Treatment Strategies

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At the Paley Institute, we can comprehensively address the upper extremity deformities, using a combination of techniques based on the specific manifestation of the deformity. Most patients present with radial club hand and absent thumb. We treat these patients with ulnarization of the hand to correct the radial club hand and with pollicization to correct the absent thumb. Before proceeding with upper extremity treatment, the heart needs to be evaluated and a decision involving surgical treatment made.

Ulnarization

Ulnarization is a surgical procedure to correct radial club hand. Dr. Paley’s ulnarization technique is a modification of the Buck-Gramko radialization. They termed the technique a radialization because they made the ulna into a radius. Dr. Paley’s technique involves moving the carpus (wrist bones) to the ulnar side of the ulnar head.

Patients with radial club hand have poor grip strength due to the lack of a fulcrum; additionally, the shortening of the forearm results in shortened muscles. To easily understand this, try flexing your wrist downwards, palm side down, and then try and make a fist. You will find it much more difficult to make a fist then it is with your wrist in a neutral position.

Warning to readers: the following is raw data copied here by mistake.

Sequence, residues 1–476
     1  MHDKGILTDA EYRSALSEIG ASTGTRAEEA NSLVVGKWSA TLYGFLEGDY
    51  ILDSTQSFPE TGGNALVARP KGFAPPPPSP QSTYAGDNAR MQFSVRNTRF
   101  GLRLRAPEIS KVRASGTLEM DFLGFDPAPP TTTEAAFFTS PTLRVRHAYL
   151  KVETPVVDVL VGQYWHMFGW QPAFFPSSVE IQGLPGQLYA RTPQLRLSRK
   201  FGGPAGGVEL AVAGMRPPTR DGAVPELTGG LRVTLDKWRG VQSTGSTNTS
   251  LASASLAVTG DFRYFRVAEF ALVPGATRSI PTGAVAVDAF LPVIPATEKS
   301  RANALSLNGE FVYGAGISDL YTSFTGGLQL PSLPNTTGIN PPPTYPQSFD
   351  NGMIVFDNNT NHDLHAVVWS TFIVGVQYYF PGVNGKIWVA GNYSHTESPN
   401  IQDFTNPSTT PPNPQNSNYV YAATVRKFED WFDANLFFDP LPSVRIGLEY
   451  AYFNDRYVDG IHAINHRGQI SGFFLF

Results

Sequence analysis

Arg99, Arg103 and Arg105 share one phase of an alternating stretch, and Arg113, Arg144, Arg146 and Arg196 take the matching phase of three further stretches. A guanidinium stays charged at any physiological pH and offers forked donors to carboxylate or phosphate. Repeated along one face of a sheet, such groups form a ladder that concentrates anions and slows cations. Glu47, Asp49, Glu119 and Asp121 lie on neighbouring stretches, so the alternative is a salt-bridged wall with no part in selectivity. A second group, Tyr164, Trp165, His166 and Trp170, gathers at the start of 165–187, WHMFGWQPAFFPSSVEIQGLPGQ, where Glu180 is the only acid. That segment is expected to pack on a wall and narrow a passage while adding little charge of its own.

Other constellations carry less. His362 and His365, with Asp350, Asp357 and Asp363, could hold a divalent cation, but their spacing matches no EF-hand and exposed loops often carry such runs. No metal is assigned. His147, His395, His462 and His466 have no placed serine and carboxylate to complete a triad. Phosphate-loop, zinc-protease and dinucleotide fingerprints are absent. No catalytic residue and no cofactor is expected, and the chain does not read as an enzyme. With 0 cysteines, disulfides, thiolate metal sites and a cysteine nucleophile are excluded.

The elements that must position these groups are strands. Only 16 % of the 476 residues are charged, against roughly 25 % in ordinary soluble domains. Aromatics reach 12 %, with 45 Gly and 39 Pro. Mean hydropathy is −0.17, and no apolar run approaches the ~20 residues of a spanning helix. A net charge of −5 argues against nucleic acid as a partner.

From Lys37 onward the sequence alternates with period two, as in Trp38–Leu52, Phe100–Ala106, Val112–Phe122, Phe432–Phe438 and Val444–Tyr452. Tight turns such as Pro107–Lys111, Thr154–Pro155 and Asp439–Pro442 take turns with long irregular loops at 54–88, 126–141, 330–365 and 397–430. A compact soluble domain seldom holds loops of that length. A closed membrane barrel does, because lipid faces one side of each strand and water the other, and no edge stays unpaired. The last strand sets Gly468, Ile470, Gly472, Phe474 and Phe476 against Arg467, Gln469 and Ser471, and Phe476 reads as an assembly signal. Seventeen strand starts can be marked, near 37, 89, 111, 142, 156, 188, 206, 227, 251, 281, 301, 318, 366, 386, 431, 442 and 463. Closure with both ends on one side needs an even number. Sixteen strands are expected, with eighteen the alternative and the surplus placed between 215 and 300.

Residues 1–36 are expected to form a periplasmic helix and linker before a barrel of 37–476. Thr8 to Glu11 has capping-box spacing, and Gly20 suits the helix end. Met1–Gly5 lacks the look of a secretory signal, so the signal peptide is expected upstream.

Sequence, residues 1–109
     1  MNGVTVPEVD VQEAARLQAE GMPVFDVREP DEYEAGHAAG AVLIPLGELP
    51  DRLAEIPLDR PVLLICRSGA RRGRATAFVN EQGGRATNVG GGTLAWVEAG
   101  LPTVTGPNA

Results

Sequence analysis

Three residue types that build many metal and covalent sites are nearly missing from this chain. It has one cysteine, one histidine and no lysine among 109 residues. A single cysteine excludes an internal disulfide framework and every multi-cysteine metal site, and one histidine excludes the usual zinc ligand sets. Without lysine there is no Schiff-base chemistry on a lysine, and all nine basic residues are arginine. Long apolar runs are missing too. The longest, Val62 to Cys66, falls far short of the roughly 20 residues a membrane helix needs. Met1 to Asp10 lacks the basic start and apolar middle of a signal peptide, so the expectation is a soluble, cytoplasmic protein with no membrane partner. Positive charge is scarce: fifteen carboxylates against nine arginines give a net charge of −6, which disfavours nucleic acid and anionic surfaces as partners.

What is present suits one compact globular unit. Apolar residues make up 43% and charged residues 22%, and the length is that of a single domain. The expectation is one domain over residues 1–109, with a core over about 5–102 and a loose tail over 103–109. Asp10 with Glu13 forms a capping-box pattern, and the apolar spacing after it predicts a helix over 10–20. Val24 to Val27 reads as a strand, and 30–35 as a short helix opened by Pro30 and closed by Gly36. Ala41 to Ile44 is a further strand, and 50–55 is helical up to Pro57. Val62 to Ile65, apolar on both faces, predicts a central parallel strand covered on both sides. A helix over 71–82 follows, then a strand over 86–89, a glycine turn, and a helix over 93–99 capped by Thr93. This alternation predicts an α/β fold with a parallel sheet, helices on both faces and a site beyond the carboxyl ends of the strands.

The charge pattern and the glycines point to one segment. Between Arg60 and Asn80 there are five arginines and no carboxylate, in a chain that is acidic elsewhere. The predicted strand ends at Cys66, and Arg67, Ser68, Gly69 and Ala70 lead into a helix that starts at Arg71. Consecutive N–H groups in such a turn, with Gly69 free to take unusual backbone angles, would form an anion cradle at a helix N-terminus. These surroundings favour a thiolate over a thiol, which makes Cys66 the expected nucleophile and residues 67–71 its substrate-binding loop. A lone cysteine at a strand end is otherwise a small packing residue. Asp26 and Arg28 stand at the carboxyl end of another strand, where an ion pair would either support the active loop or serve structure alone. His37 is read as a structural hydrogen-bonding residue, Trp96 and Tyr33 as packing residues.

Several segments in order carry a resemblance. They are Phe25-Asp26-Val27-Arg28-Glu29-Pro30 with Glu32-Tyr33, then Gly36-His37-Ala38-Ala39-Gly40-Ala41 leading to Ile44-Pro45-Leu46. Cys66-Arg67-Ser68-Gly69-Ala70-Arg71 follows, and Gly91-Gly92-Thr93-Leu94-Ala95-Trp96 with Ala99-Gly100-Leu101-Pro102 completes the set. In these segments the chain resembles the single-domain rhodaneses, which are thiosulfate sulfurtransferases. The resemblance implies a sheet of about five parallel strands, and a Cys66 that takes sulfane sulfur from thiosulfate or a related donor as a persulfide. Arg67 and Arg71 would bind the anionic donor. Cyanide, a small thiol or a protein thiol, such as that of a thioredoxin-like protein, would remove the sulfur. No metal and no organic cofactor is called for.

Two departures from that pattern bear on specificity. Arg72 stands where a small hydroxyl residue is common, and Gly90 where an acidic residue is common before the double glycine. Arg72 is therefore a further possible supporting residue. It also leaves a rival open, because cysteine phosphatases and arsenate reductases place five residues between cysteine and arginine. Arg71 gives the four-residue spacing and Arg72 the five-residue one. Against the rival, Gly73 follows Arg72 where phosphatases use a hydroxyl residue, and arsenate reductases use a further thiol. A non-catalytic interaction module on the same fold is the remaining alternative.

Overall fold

In order to correct this, Dr. Paley transfers the flexor carpis ulnaris (FCU) tendon, which will give a stronger grip force. In the ulnarization technique, Dr. Paley converts the head of the ulna into the fulcrum. This makes recurrence impossible since the ulna physically blocks the wrist from reverting to the deformed position. The FCU is transferred from the palmer side to the dorsum (top) of the wrist. The FCU is a very strong tendon, and when it is transferred it becomes the new extensor for the wrist, allowing increased grip strength and finger range of motion.

For more information on the ulnarization procedure, please see Treatment Strategies for Radial Club Hand

Pollicization

Pollicization is a procedure that converts the index finger into a thumb. The metacarpal bone is shortened and the index finger with all of its nerves and vessels is transferred to the position of a normal thumb (135 degrees rotated and shortened relative to the other fingers). The 3 interosseous muscles are transferred to give the thumb movement like a thumb for pinch and opposition.

For more information on the pollicization procedure, please see Treatment Strategies for Absent Thumb